I have recently been sent some excellent videos via Youtube on rules for interpreting bunkai (applications), examples of bunkai and training drills for Naihanchi Kata by Ryan Parker of Ryukyu Martial Arts, from his own Youtube Channel, The Contemplative2.
Note: Naihanchi Kata in Okinawan Karate is known as Tekki in some Japanese styles.
Having previously done some Youtube videos myself with a friend who does Wing Chun where we looked at similarities between Wing Chun and Naihanchi/Tekki kata bunkai, I was taken by how these videos also had so many similarities with Wing Chun close quarters trapping/striking and flow drills. As mentioned before, Karate is largely derived from White Crane Kung Fu, whilst Wing Chun is largely derived from Snake and Crane Kung Fu, so there is a common lineage between the two systems.
In this first video, Sensei Parker looks at 2 rules for interpreting bunkai in a very straight-forward step by step manner, demonstrating how to interpret which hand is defending/trapping and which hand is striking/locking and also how to interpret what direction you should be in relative to your opponent. This is built up into flow drills, including how to maintain control of your opponent as he tries to counter your moves. I won’t try to explain it all hear as that is done so much better by the video itself. All I will say is that having done a lot of Shotokan Karate and some Wing Chun myself, parts of this video will be more familiar to Wing Chun exponents than most Shotokan Karateka!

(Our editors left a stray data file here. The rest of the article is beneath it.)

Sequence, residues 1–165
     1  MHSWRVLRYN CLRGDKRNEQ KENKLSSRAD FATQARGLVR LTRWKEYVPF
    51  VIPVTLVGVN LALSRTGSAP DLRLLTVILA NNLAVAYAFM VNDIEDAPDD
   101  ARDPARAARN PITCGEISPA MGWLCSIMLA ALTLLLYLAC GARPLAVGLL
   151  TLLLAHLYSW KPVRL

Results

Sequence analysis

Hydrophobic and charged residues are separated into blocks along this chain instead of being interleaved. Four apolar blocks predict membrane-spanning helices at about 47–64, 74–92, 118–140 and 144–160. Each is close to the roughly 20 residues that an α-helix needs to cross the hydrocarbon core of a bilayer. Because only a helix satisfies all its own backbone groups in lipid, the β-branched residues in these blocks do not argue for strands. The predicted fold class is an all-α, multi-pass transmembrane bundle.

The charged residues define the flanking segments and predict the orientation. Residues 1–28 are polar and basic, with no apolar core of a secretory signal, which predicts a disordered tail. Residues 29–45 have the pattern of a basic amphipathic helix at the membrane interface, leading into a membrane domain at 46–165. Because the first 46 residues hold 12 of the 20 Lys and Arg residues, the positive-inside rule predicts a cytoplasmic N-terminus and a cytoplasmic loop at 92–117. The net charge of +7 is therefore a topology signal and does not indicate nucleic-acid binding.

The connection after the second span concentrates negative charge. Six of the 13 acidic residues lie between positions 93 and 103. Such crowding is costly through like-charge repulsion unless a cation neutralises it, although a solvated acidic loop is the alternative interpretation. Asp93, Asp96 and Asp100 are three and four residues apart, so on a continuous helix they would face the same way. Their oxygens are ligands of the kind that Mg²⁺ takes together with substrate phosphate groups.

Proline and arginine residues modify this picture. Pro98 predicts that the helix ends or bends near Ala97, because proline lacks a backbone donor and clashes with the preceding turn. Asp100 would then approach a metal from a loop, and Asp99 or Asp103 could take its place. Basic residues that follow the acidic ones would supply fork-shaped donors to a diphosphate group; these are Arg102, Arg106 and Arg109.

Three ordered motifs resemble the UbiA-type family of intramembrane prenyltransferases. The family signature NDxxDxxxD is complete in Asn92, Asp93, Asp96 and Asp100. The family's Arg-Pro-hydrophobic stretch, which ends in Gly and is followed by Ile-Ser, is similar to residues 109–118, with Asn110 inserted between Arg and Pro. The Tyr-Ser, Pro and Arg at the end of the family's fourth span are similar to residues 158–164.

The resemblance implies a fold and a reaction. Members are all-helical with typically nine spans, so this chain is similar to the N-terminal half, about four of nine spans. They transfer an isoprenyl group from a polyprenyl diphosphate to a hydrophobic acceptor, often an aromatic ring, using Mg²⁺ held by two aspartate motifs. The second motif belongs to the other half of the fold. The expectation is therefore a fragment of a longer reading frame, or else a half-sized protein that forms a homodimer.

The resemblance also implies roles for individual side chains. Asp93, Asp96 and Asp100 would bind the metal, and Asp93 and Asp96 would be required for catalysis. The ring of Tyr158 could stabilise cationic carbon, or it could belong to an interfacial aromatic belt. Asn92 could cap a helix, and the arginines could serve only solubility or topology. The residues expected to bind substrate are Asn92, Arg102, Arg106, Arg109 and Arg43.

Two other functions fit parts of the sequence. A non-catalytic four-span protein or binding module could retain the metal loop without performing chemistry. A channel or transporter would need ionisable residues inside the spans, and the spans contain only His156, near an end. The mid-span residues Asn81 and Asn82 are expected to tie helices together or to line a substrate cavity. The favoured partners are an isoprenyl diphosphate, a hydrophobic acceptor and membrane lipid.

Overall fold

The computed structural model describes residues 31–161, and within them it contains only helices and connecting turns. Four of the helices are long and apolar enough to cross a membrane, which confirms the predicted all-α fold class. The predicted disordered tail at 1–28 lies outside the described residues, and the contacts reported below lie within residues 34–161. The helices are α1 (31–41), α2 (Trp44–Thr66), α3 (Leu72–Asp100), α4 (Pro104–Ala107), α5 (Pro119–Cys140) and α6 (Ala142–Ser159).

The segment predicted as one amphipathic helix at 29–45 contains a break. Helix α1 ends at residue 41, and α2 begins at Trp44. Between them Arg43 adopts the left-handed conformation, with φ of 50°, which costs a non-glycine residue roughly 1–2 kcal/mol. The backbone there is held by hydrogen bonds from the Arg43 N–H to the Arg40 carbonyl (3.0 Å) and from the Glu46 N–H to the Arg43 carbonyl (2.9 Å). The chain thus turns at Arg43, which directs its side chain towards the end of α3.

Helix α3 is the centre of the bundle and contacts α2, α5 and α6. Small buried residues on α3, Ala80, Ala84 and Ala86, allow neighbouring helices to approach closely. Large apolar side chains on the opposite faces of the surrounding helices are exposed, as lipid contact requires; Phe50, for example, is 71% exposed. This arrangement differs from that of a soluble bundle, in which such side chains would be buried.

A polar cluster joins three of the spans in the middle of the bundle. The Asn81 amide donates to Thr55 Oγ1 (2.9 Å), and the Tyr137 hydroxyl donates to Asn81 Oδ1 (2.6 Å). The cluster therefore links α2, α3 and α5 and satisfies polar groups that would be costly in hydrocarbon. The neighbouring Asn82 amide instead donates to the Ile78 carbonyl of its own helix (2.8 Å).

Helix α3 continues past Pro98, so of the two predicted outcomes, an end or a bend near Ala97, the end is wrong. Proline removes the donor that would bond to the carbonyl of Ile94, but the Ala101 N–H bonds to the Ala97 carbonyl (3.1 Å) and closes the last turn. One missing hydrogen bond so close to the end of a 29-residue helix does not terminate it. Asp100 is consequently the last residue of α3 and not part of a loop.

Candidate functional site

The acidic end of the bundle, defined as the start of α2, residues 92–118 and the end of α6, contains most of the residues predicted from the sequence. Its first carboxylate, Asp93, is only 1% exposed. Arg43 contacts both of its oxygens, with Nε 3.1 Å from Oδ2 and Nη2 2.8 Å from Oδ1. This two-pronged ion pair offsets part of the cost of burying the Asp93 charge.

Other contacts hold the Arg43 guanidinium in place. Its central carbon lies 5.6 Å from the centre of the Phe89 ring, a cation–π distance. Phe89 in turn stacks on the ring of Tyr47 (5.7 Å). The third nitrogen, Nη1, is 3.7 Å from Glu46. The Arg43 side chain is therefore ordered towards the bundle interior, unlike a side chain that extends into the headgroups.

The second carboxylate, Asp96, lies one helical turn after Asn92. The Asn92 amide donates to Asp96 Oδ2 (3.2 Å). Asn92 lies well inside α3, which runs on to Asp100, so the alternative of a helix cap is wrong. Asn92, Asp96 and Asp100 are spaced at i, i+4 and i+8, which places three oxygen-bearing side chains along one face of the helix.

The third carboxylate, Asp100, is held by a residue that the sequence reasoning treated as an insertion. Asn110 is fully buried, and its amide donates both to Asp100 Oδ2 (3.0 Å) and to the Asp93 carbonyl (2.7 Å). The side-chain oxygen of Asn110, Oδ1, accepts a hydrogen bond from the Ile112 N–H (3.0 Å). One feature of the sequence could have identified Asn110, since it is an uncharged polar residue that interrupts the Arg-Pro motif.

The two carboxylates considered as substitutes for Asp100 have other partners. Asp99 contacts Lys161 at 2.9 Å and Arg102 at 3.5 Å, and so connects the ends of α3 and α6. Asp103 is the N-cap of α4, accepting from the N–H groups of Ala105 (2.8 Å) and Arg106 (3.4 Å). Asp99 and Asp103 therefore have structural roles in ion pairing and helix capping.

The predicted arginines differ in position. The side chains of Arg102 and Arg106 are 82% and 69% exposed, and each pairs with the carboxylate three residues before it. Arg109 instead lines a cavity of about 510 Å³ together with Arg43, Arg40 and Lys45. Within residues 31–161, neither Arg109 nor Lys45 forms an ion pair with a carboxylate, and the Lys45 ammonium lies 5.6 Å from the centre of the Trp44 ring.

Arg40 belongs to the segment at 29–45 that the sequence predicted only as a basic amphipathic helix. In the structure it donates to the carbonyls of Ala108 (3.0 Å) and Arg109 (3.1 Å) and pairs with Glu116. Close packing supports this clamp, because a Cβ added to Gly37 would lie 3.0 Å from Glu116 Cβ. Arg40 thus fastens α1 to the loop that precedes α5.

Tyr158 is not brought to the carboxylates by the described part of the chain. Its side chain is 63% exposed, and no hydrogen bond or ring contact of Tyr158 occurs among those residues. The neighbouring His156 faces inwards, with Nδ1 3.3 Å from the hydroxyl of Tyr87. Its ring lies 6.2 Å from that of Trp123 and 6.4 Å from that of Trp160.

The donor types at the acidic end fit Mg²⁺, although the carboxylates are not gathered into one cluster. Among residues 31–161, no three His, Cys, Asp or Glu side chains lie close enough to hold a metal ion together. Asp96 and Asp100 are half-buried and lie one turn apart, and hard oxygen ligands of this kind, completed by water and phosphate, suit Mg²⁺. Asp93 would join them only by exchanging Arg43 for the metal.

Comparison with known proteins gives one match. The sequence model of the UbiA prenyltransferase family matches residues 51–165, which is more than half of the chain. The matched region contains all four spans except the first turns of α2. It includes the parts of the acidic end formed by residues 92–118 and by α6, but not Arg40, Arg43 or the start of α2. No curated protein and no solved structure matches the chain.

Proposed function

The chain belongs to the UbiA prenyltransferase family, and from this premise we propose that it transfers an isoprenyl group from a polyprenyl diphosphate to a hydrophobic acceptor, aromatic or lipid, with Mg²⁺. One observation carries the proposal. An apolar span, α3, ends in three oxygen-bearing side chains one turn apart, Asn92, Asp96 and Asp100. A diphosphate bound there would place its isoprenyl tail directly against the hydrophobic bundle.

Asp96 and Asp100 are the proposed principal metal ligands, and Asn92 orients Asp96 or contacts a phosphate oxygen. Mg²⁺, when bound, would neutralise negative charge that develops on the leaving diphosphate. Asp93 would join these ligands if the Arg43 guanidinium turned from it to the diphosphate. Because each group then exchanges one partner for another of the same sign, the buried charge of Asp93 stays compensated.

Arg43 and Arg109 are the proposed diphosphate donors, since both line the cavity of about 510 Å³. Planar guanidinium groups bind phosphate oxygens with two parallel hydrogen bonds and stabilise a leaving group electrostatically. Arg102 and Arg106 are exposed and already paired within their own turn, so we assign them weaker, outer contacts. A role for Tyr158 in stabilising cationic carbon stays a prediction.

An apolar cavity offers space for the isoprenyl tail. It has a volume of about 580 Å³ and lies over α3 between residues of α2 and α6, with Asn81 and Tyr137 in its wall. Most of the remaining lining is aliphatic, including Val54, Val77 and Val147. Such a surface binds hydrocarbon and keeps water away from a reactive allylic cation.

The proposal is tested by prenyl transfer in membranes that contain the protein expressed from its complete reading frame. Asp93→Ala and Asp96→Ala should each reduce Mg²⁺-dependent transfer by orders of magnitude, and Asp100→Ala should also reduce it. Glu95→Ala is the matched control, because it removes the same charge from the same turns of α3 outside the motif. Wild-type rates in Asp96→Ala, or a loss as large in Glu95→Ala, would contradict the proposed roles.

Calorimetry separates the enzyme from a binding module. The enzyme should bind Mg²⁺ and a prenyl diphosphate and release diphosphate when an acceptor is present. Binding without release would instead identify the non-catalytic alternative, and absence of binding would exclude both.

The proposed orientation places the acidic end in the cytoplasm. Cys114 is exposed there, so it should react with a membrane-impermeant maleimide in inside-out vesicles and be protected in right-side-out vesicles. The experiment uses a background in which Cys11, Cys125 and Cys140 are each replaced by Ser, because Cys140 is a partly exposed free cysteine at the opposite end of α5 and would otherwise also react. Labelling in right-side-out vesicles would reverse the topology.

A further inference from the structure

The second video builds on the first one and goes more into “Renzoku” drills. These are not bunkai, or self defence drills, they are just drills which are designed to teach specific skill sets.
The final video goes through the Naihanchi kata and demonstrates a number of it’s bunkai. In Sensie Parkers own words:
“These are just old tapes which I made for individual students as reference material to study. They weren’t intended to impress anyone (as they were made for people I trained with many times a week). The kata is just done in “walk-through” mode without any koshi action.
The bunkai are also done pretty lackadaisically, without any speed, power, or much attention to form and are just meant to be a memory aid”.
I hope you’ve enjoyed these videos. To find out more about Sensei Parker, to contact him or read his own blog, go to http://ryukyuma.blogspot.co.uk.